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Tritordeum flour experimentation

alfanso's picture

Tritordeum flour experimentation

Tritordeum flour experimentation and summary.

Recall that Tritordeum  is a recent grain developed in Spain these past few decades and is a hybrid of wild barley and semolina with the advantage of numerous health and sustainability benefits.  

I returned home from our recent trip to Barcelona with a few kilos of the flour to satisfy my curiosity.  And so it has.  I’ve now run four iterations using the flour with differing combinations.  Hardly a scientifically sustained approach, but enough to give me a notion as to how the flour performs.  The two versions of tritordeum that I have are T150 and T65.

I liken the T150 to our Whole Wheat flour and the T65 to our AP flour.  I found the T65 much more suitable for baguettes than the T150.

For the first two runs I used 20% pre-fermented flour and then switched to 15% for the final two runs.

For the final three runs I “autolysed" the levain as well.  So you can clearly see that I am breaking most rules of scientific research.  But that really wasn’t the point of this exercise.  Not at all.

In both mixes at 70% total hydration, the dough still maintained its extensible characteristic although nowhere near my first difficult excursion using this flour last Autumn.

In both mixes at 65% total hydration, the dough was more compliant and did not lead to a runaway shaping experience.  I’ll also posit that this dough could much more easily be applied to batard or boule without the minor shaping difficulties I experienced rolling them out as baguettes.


In all 4 runs I treated the dough similarly, except for the differing autolyse approaches.   
  • 100 French Folds, 5 min. rest, 100 French Folds.
  • 2 hour bulk rise with letter folds at 45, 90 and 120 minutes.
  • Retarded for about 6-10 hours before divide and shape.
  • Back to retard for a total of somewhere between 14-18 hours.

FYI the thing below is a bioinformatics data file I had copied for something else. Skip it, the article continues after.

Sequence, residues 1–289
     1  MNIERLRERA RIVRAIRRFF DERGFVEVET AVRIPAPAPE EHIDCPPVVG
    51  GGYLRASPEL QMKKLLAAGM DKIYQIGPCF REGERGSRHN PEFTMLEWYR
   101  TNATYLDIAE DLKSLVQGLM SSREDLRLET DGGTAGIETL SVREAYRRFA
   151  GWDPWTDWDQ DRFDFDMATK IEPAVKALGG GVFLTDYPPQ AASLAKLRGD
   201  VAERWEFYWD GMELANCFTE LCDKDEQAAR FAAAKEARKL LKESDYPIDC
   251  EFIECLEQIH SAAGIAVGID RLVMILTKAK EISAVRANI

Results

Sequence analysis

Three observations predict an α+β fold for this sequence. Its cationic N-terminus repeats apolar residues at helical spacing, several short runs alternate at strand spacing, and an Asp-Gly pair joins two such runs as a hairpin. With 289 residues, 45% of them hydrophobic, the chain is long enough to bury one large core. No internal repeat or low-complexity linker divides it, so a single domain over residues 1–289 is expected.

• Preheated oven to 480dF, Bake at 460dF.
  • 13 minutes with steam, ~13 minutes more, 3 minutes oven venting

 Run #1.  Using T150

  • Total Dough: 80 / 20 flour mix @ T150 / (high protein) Bread Flour. @70% total hydration.  
  • Levain: 100% hydration with T150 tritordeum.  20% pre-fermented flour.


Run #2.  Using T150

  • Total Dough: 50 / 50 flour mix @ T150 / AP Flour. @70% total hydration. 
  • Levain: 100% hydration with T150 tritordeum.  20% pre-fermented flour.

Run #3.  Using T150

  • Total Dough: 50 / 50 flour mix @ T150 / AP Flour. @65% total hydration.
  • Levain: 75% hydration with T150 tritordeum.  15% pre-fermented flour.

Run #4.  Using T65

  • Total Dough: 50 / 50 flour mix @ T65 / AP Flour. @65% total hydration.
  • Levain: 75% hydration with T65 tritordeum.  15% pre-fermented flour.


In summary, I was much more comfortable and confident of the dough for the final run.  The conversion from 70% hydration to 65% made a significant difference in the handling of the dough, as well as the final product emerging from the oven.  The taste is quite good.  I don’t think that the change from 100% to 75% levain hydration made a whit of difference but I had made both in advance some weeks ago in anticipation of using both.

I can’t discount the value of repeated handling and familiarity using the flour.  If I were to incorporate this flour into a regular regimen, I would use the 4th and final run as my gold standard.  It just performed beautifully and I think that the 50/50 flour mix at 65% hydration makes this a top quality dough to work with.  Unfortunately the downside is that this flour apparently still has little distribution in Europe and is not approved for sale yet un the US.

And again, for those who think that one cannot achieve an open crumb at lower hydrations, here is more evidence that it can be done.


Abe's picture
Abe (not verified)

Thank you Alan. No excuses now for not getting a more open crumb at lower hydration. Lovely write-up and even more lovely bakes.

Might be interesting to see what a bake with tritordeum is like in comparison to a durum/barley mix. Now I wonder what proportions one would do?

Must see if I can get hole of some of this flour.

P.s. oh wait a second there's a third grain in this mix...

The Tritordeum® is a new cereal that is a natural born from the combination of durum wheat (Triticum durum) and barley and wild Hordeum chilense). Thel Tritordeum is a species grown in a natural way. Over 30 years of selection have produced a new crop cereal that brings great health benefits and ensures a low environmental impact. The Tritordeum® is a great basic ingredient for a wide range of cereal-based products .Products Tritordeum ® have a taste and aroma are unmistakable and stand out for the pleasing golden color.

David R's picture
David R

I think it's just two grains, with a little bit of clumsy wording leading the mind in the wrong direction. Hordeum chilense is a wild barley. I think the writer first put simply "and barley", and then intended to correct/improve it to read "and wild Hordeum chilense", but accidentally ended up with both. (Or is making a very subtle reference to Matthew 21:5 and the uncomfortably bow-legged king. 😁)

I don't know whether the wild barley itself is worth trying to bake with - it may give a poorly-performing flour on its own.

Our Crumb's picture
Our Crumb